Not surprisingly, orthopedists were the most frequently named specialty in fracture-related malpractice lawsuits, according to the authors of an analysis of claims occurring from 1988 to 2015.1

While 88% of the 201 lawsuits included in the analysis named orthopedists, EPs were defendants in eight cases. “EPs are certainly at risk, due to the fact that they are on the frontlines when these patients come in,” says Alan H. Daniels, MD, one of the study’s authors and an assistant professor of orthopaedic surgery at Brown University’s The Warren Alpert Medical School.

Researchers used “orthopedic” as one of the search terms in the medicolegal database. Thus, relatively few cases naming EPs were identified. “We likely could perform additional studies looking just for emergency physicians, and find many more with similar findings,” Daniels offers.

Often, trauma patients are left with permanent disability and inability to work. “Essentially, they are looking for someone to blame, hold accountable, and help with their finances. They will often do that with lawsuits,” Daniels observes.

Even if an EP was not directly responsible for the bad outcome, a plaintiff may be able to apportion some blame onto the EP. “The paper’s data show that people with neurological injuries are more likely to sue and win in court,” Daniels reports. He says this finding underscores the importance of handling these tasks immediately if ED patients appear to exhibit any type of neurological deficit or vascular injury:

Obtain appropriate imaging. This includes an X-ray of the fractured bone, including the joint above and below. “Consider CT angiography if there is vascular injury, but don’t delay orthopedic and vascular surgery consultation to get it,” Daniels advises.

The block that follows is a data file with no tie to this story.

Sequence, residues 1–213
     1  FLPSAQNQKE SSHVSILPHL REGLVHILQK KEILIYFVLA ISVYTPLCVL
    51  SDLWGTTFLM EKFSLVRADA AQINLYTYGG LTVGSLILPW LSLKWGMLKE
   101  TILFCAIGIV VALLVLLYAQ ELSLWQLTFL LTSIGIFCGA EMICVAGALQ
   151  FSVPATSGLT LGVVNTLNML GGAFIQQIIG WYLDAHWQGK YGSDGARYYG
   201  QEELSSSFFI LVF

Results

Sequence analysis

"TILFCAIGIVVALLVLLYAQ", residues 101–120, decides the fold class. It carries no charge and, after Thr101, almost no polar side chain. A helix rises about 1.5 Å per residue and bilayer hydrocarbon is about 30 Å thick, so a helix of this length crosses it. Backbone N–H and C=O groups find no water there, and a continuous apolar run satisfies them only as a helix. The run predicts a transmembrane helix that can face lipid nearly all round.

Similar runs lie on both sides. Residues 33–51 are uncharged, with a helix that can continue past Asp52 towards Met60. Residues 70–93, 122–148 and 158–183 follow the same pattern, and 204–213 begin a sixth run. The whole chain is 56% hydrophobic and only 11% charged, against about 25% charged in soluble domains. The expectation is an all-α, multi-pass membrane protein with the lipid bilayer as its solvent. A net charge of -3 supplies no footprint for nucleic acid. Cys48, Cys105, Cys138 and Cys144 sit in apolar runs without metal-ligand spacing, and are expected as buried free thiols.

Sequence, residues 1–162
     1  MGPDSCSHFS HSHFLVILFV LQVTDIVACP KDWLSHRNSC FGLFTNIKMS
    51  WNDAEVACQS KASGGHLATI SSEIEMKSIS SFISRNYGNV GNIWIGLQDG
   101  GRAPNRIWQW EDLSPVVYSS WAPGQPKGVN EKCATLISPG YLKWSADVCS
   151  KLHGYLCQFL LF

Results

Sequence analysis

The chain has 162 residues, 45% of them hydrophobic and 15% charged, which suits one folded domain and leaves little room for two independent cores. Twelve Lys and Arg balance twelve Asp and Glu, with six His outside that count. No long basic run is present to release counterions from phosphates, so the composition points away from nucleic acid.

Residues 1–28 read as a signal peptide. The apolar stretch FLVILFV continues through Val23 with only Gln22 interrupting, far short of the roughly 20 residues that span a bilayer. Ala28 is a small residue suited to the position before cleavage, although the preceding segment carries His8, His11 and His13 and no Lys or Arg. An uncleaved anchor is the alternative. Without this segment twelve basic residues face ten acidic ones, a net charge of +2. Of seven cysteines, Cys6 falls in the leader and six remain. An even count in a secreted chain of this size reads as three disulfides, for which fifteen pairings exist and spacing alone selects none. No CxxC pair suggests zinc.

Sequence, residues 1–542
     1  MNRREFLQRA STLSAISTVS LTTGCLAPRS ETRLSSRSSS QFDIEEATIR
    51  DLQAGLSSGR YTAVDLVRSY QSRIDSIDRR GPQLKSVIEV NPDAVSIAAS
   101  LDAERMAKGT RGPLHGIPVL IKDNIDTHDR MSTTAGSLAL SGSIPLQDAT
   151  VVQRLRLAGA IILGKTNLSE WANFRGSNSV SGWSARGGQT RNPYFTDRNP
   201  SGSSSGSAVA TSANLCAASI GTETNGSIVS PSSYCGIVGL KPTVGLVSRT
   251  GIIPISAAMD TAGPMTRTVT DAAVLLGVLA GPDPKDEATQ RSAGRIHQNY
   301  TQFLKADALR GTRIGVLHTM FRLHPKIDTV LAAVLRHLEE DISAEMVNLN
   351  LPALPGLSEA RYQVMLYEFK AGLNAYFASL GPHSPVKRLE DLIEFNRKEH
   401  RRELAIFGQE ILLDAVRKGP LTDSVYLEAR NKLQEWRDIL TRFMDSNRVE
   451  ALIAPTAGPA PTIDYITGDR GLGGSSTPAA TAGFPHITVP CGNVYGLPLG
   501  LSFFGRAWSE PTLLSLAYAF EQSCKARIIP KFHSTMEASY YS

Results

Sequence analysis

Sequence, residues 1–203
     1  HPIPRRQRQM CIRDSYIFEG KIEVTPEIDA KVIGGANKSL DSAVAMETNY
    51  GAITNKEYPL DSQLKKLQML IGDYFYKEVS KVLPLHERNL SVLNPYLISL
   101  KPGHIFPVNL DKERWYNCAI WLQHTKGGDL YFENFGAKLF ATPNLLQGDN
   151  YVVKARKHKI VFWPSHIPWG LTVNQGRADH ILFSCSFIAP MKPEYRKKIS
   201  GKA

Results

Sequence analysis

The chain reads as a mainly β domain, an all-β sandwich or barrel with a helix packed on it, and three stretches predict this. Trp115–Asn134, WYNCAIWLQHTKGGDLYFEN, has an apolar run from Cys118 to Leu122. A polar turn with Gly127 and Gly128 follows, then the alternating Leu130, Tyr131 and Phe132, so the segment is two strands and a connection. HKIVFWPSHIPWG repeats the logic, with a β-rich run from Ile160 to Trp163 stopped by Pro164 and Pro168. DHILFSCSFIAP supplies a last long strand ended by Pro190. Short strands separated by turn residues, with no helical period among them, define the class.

Obtain appropriate consultation from whatever services are necessary. “Get rapid orthopedic and vascular surgery consults if there is concern for vascular injury,” Daniels says.

If consultation is unavailable, transfer the patient to a facility where it is available. “Stabilizing the fracture with splinting is always an essential first step, whether the patient has a neurological or vascular injury or not,” Daniels adds.

Failure to diagnose a fracture is the most common allegation in ED malpractice claims related to orthopedic injury, says Jill M. Steinberg, JD, a shareholder at Memphis, TN-based Baker Donelson.

Many of these claims share similar fact patterns. Typically, someone visits an ED after a fall or other injury, and one of two things happens: Someone performs an X-ray of the affected bone, or someone performs an X-ray, but the EP misses the fracture.

The radiologist’s overread, conducted the following day, becomes a central issue in the resulting malpractice claim. The plaintiff can prove the EP missed the fracture during the first read. By the time the radiologist identifies the fracture, the patient has been discharged.

Steinberg says two practices, if performed consistently, can help prevent malpractice lawsuits:

  • The radiologist should communicate directly to the EP who ordered the test;
  • The EP who ordered the test should take responsibility for notifying the patient personally.

Busy EPs often rely on hospital staff to handle this important latter task. “We have had cases where messages were left on answering machines that were not picked up,” Steinberg recalls.

Sometimes, the hospital employee who originally called the patient goes off shift. The oncoming shift does not realize nobody ever contacted the patient successfully. Thus, the patient never receives a proper notification about the fracture.


  1. Ahmed SA, DeFroda SF, Naqvi SJ, et al. Malpractice litigation following traumatic fracture. J Bone Joint Surg Am 2019;101:e27.